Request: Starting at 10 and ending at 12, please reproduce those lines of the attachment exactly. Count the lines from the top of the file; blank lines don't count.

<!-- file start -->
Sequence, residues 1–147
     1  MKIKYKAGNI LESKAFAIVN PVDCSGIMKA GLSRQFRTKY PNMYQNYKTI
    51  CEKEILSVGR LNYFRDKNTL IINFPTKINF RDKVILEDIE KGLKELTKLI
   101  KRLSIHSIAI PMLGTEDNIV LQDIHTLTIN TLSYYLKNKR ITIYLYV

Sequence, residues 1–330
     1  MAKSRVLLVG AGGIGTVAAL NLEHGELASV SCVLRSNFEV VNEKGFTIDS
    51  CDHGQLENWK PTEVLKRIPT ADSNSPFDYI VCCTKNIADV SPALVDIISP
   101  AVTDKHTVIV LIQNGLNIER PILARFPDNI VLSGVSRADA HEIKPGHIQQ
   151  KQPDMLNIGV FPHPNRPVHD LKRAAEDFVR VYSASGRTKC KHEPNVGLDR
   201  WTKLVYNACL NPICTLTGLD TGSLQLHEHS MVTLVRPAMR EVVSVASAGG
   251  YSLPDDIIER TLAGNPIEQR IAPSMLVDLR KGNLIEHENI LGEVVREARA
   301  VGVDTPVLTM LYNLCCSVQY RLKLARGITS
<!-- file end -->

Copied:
   201  WTKLVYNACL NPICTLTGLD TGSLQLHEHS MVTLVRPAMR EVVSVASAGG
   251  YSLPDDIIER TLAGNPIEQR IAPSMLVDLR KGNLIEHENI LGEVVREARA
   301  VGVDTPVLTM LYNLCCSVQY RLKLARGITS